What an embrace of Long Island City! The city announced that it will buy waterfront property in Long Island City to build up to 5,000 units of affordable housing for families. The city is paying the Port Authority a total of $146 million for the 24 acres - $100 million for the property and $46 million for "remaining obligations" to the site. From the press relase:

Mayor Bloomberg: "Middle-income families are facing housing affordability challenges as a result of New York's success, and we have to make strategic, long-term investments to ensure that New Yorkers of all incomes can work and live in our City. This development will build on New York's grand tradition of major middle-income communities, but updated for the 21st century. We will work quickly to turn this into homes for thousands of teachers, police officers, firefighters, nurses and other moderate- and middle-income New Yorkers. I want to thank the Port Authority for its continued collaboration and support."

...The City plans to develop a new site plan for the undeveloped southern portion of Queens West to allow for construction of a middle-income, mixed-use community including up to 5,000 residential units targeted to families earning between $60,000 and $145,000 for a family of four. The plan will also generate vibrant retail amenities, while maintaining the existing commitments to public open space and waterfront access.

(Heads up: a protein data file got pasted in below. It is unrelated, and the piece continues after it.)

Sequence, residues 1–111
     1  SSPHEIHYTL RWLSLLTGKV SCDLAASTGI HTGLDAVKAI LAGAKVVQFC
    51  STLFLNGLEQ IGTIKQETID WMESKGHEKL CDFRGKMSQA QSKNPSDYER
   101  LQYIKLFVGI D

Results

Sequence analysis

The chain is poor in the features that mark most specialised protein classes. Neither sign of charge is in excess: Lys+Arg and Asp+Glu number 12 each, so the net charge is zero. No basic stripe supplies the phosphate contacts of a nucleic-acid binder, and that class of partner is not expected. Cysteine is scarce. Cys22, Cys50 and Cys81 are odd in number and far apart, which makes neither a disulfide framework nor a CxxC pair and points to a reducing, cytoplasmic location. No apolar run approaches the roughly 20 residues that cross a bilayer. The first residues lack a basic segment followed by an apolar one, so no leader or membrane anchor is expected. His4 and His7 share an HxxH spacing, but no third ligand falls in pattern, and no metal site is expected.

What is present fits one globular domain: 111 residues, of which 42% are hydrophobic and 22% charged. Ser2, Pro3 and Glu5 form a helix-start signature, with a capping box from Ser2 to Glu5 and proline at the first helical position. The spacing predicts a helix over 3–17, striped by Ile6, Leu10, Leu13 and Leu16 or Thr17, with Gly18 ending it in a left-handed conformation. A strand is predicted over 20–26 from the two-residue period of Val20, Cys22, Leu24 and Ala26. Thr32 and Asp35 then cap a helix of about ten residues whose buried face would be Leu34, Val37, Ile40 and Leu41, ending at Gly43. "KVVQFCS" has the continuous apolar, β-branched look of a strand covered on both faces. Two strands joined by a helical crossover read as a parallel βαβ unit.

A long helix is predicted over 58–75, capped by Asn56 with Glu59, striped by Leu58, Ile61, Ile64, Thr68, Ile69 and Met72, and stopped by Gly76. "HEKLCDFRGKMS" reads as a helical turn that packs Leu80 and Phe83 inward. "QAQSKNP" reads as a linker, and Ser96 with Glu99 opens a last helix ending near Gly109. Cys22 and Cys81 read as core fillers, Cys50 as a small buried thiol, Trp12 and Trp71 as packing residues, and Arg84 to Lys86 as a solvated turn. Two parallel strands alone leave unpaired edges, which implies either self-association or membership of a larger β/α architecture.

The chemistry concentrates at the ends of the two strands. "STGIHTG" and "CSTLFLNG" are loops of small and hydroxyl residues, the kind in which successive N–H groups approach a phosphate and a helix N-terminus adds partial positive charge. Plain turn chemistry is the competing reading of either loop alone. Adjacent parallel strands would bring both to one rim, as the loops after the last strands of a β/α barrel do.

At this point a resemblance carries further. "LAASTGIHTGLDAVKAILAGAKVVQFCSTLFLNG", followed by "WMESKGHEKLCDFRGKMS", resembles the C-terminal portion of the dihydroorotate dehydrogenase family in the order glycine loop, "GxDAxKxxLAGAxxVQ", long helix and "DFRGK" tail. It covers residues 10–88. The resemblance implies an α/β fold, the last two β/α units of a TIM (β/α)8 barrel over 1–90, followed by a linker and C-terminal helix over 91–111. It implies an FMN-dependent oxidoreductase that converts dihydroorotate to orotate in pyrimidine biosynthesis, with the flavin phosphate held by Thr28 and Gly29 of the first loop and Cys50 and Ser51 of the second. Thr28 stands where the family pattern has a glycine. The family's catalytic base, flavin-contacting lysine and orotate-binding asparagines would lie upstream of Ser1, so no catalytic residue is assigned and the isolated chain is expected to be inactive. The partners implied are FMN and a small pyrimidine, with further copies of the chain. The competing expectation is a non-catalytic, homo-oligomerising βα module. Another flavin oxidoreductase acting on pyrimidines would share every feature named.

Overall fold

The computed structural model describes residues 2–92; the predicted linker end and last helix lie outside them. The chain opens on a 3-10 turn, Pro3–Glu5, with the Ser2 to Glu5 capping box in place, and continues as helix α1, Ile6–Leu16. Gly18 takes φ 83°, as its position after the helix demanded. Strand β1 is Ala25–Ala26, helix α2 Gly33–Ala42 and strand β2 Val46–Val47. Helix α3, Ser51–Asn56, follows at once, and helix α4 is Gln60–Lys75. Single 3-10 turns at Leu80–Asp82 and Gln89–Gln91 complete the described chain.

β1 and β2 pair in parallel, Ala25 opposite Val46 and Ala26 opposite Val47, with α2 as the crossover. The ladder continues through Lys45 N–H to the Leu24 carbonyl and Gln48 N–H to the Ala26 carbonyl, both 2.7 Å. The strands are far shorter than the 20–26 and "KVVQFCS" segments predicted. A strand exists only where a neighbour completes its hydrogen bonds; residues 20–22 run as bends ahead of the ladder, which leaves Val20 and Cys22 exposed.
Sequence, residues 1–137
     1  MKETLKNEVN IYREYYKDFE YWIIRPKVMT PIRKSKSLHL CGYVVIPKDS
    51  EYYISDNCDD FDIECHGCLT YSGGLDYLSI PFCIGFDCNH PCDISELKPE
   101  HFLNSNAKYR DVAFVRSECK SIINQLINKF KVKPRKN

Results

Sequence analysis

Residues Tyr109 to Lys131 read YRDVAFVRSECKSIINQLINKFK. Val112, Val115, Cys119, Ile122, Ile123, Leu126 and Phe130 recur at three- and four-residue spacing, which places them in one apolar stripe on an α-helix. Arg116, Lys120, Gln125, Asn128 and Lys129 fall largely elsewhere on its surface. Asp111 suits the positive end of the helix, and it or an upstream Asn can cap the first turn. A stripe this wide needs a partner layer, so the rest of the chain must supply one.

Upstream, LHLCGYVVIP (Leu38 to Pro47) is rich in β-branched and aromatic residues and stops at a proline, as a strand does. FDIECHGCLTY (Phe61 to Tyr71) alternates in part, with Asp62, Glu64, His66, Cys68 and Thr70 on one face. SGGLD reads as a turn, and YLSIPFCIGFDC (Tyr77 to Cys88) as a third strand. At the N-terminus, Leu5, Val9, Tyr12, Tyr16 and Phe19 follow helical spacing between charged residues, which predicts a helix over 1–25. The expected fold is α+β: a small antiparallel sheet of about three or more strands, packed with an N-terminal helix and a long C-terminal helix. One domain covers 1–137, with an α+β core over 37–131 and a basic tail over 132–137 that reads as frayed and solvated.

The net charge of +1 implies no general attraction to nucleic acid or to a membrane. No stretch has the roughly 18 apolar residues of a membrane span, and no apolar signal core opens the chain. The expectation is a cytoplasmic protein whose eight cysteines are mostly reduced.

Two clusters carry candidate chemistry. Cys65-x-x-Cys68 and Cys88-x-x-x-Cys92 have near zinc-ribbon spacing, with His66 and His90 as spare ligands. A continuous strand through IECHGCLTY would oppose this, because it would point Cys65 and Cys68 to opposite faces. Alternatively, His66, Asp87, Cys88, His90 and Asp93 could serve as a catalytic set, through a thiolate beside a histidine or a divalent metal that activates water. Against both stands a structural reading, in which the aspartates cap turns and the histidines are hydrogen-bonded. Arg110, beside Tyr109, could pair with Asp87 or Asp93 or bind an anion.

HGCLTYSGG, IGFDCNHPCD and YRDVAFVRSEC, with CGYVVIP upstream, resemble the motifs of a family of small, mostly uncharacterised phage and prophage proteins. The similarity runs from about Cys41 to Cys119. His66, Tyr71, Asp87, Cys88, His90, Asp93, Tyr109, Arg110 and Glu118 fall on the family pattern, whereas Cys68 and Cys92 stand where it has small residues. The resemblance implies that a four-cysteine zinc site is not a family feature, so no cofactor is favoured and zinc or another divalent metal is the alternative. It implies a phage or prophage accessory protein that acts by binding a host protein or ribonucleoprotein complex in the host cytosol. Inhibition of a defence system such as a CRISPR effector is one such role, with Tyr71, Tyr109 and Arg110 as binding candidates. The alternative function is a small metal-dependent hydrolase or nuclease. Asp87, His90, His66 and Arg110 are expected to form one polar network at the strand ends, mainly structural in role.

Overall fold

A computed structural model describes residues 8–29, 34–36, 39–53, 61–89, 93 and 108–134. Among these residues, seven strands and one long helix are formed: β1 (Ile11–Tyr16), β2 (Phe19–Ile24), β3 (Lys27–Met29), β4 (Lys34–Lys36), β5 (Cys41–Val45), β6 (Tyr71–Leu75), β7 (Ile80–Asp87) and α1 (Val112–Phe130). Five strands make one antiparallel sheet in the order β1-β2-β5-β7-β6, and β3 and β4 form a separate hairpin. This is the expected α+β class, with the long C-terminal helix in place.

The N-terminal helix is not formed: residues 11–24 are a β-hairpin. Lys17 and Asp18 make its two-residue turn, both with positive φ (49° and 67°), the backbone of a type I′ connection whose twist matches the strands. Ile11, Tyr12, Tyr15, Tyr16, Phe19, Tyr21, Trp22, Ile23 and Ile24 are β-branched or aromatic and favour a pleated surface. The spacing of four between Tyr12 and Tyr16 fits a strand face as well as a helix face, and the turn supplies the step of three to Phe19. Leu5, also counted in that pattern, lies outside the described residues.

The city will also look to purchase abjacent privately owned land to develop another 1,500 units. Newsday notes Queens West is right near Silvercup Studios and finds support from the locals:

Joseph Conley, the chairman of Community Board 2, said local leaders asked the mayor several years ago to step in before the area became a "luxury ghetto" with exclusive apartments where average people were priced out.

"We have the million-dollar views of Manhattan on the Queens side but, unfortunately, it was going to cost you a million dollars to move into Queens West," Conley said.

The Post calls it Stuy Town East, and in fact, Deputy Mayor Daniel Doctoroff said the new plan would be "a great middle-income community in the spirit of Stuyvesant Town and others." And since this area was where the city proposed much of the Olympic Village in its 2012 Olympic bid, the concept of a 2016 bid was raised and quickly shot down, with Bloomberg saying, "I think it's safe to say the city does not have the resources or the combination of things you would need to pursue a bid for 2016." Yeah, leave that to Chicago.

The city will look for developers next year and construction may begin in 2008. We imagine subway service to the area will get better by then.

Rendering of Morphosis's plan for a 2012 Olympic Village in Long Island City